2. The British wrongly say that “natural law” is an undefined concept. Natural laws, being natural, and not artificial, do not need to be “defined.” They govern, whether we understand them or not. Men make laws that are ill defined, and can be disobeyed through ignorance. Natural law is inescapable.

    Self-evident truths are not truths for which no evidence can be provided. They are truths that are, themselves, evidence for other thing propositions. What we might call “facts.”

    You may require that I give facts to support a theory. The *theory* of gravity is supported by the *fact* that apples fall toward the earth when dropped. There is no need for me to give “evidence” for the behavior of apples. The truth of their behavior is self evident. If you doubt me, go find an apple. If, after examining the apple, you disagree that the truth is self evident, you will only have persuaded me that you do not understand the nature of apples, and there is no point in continuing to reason with you.

    Likewise, if you say you disagree that all men have been endowed by their Creator with the inalienable right to live, to be free, and to seek happiness, you demonstrate only that you do not understand the nature of mankind. If you think that it is natural for men to be enslaved, oppressed, and unhappy, go spend some time with them. I assure you that none of them find it natural, and neither would you.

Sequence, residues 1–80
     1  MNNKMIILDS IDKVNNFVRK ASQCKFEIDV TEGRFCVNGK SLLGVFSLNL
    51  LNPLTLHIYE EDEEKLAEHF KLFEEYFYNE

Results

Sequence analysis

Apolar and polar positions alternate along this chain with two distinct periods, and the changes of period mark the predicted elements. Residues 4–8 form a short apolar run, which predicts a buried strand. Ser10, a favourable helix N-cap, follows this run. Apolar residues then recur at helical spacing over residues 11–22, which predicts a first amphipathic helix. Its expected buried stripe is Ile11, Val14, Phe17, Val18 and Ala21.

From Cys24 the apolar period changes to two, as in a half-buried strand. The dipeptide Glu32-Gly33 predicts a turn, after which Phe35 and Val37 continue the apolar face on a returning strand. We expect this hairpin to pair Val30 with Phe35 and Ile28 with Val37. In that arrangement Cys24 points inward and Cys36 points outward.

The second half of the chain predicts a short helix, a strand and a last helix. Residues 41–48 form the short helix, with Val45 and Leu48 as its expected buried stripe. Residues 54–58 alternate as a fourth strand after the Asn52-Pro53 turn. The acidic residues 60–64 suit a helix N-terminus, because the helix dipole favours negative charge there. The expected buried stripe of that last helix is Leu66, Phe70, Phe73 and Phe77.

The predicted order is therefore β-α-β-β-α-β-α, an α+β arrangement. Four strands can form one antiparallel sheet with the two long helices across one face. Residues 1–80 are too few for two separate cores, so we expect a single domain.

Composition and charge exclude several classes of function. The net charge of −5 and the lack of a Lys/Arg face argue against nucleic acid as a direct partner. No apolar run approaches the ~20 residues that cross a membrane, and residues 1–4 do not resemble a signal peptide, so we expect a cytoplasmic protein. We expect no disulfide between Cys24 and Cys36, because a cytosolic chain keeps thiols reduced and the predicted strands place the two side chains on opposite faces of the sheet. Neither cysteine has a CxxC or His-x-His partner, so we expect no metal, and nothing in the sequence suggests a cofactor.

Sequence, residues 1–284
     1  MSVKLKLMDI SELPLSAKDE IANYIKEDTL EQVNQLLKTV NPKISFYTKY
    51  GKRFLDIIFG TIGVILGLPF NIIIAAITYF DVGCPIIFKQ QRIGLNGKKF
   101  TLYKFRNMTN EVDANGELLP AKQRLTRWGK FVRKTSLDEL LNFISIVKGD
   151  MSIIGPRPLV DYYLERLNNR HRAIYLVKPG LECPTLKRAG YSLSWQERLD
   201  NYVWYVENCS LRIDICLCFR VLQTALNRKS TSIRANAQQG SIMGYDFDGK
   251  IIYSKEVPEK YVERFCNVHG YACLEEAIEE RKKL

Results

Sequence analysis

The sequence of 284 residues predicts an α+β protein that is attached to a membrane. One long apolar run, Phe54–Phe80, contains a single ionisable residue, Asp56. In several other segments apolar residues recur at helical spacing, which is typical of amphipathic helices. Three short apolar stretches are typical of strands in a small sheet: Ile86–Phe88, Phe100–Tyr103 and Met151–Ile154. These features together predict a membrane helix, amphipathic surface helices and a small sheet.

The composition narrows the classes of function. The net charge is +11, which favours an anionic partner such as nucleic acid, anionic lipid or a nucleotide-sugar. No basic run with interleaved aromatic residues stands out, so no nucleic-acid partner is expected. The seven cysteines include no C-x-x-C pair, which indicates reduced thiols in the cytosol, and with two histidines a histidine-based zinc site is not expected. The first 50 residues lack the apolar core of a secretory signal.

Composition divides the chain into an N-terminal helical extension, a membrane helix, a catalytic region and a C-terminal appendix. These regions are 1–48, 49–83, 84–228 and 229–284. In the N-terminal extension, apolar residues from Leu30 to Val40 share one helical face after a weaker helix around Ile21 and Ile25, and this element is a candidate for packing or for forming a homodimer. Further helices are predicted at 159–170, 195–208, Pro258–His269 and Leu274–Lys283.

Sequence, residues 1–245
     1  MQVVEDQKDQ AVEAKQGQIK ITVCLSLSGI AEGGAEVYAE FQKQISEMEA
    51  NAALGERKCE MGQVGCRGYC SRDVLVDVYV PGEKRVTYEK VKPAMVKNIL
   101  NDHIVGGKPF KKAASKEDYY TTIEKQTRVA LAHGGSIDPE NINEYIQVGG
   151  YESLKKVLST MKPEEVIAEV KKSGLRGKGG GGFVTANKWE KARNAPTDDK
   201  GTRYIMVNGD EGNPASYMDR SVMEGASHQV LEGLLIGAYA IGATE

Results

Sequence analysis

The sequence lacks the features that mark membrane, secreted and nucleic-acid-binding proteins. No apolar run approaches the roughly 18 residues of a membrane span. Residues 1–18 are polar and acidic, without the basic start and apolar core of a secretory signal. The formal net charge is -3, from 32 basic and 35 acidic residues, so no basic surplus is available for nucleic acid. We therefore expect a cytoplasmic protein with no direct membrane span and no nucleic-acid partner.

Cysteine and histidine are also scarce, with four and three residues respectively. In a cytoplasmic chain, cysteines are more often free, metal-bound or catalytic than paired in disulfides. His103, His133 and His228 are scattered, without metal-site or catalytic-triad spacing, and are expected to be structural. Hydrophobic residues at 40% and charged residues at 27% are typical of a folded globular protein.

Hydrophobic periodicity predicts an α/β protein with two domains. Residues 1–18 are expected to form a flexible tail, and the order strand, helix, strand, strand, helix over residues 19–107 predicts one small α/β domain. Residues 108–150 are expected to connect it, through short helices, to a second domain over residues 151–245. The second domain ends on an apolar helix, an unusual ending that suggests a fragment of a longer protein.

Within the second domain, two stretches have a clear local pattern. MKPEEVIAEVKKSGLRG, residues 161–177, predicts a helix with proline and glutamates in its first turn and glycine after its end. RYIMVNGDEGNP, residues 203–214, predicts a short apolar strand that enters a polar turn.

Men are drawn to seek life, freedom, and happiness, just as sure as apples are drawn toward the center of the earth. Whether this self evident truth supported the revolution is a proper subject for debate. Debating whether the self evident truth is, in fact, a self evident truth is a waste of time.

  3. John Kindley says:

    The American side of the debate is of course the correct one, and I don’t see how we can charge that side with hypocrisy in the absence of an explanation of how they responded to the barristers’ invocation of the War of Northern Aggression and the prospect of Texas seceding. The Constitution was America’s original sin, the fruit of which was the Civil War. The Articles of Confederation were far better, being more consistent with natural law and the principle that government derives its just powers from the consent of the governed. The thirteen colonies were constructs of the British Empire, which the Revolutionaries cast off. Instead of amalgamating them into a Union we should have divided them into a confederation of “ward republics,” as Thomas Jefferson advocated late in life.

  4. Scott Jacobs says:

    I suppose we shouldn’t bother mentioning that Texas actually DID leave the union once. And then it came back.

    Man, who’d have thought that the Brits would still be pissy about the revolution?

  5. Richard Hershberger says:

    You want illegal? How about the ratification process of the US Constitution? The Articles of Confederation laid out a process, which the constitutional convention decided to ignore. Of course Rhode Island eventually came around and made the argument moot, but still…